OTTAWA -- Peter MacKay says he knows he must decide quickly whether he will join the Conservative leadership race.

"Obviously a decision has to be taken soon, because I don't want to freeze people out, or influence their decisions," said MacKay, a former Conservative cabinet minister from Nova Scotia.

"I suspect that that's already happening, to some degree, so I'm very aware that a decision has to be taken soon and I'm seriously getting close to making that decision," he said.

Conservatives say that since MacKay would be a strong contender to replace former prime minister Stephen Harper, some other potential hopefuls -- and their would-be campaign organizers and financial donors -- are likely waiting to see what he will do.

The Conservatives are to vote for a new leader next May and many believe the race will not really begin to take shape until the caucus gathers for a retreat in Halifax later this month.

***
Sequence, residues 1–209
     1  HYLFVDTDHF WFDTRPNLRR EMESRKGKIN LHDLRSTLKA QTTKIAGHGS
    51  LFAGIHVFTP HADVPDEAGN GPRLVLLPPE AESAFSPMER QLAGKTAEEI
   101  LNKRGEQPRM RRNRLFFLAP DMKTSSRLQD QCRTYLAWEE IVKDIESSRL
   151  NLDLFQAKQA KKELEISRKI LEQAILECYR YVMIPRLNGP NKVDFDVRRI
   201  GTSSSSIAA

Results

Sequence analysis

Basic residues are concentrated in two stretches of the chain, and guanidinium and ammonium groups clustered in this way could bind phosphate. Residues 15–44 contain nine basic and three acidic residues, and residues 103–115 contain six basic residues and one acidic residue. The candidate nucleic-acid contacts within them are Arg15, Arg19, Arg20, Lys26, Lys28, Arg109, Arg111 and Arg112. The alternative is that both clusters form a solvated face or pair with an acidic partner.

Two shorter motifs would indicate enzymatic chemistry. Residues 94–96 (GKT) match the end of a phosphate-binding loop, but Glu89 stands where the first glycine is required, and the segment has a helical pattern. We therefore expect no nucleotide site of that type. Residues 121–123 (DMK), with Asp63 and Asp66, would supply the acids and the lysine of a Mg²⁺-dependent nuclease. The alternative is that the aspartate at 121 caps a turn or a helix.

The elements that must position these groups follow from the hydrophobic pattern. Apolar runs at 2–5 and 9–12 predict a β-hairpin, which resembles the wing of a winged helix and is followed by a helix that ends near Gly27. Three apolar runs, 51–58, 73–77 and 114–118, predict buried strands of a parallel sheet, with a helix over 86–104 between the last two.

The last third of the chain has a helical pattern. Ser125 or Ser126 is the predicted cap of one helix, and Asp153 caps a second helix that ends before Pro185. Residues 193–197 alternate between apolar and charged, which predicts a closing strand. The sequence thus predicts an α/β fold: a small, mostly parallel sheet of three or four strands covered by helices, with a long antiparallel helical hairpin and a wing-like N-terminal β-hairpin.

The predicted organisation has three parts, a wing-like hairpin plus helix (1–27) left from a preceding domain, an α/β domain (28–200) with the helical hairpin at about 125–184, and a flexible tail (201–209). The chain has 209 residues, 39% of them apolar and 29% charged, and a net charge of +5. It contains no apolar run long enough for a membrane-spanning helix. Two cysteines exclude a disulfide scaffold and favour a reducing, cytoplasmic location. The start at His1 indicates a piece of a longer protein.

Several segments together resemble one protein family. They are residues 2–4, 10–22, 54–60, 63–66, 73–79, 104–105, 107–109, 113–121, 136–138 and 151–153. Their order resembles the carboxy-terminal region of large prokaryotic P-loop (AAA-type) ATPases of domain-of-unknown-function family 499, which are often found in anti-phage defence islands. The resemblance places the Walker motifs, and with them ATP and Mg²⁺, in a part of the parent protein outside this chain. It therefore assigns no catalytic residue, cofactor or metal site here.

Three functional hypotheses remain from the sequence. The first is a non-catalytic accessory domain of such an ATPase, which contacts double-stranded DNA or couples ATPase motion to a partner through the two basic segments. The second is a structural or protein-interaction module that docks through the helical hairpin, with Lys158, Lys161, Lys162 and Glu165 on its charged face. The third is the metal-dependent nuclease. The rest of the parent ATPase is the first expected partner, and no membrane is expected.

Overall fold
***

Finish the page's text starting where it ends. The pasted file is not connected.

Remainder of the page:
MacKay did not reveal his personal timeline for making his choice, but said "it's getting close."

"If for no other reason, as I said, to give people clarity," said MacKay, who was leader of the federal Progressive Conservative party when it merged with the Canadian Alliance to form the new Conservative party of Canada.

MacKay, now working as a lawyer in Toronto, says he remains concerned about the impact that a leadership bid would have on his family.

He and his wife, human rights activist Nazanin Afshin-Jam, have two children, son Kian, 3, and daughter Valentia, who was born shortly before the federal election last fall.

"They're still going to be small kids when May rolls around, so this is the major lens through which I'm viewing this decision: what's in their best interest?" said MacKay.

Conservative MPs Kellie Leitch, Maxime Bernier, Michael Chong and Tony Clement have formally joined the race, but at least a dozen others are either poised to join or are contemplating a bid.

Tory MPs Lisa Raitt, Erin O'Toole and Andrew Scheer are all expected to make their intentions known this month.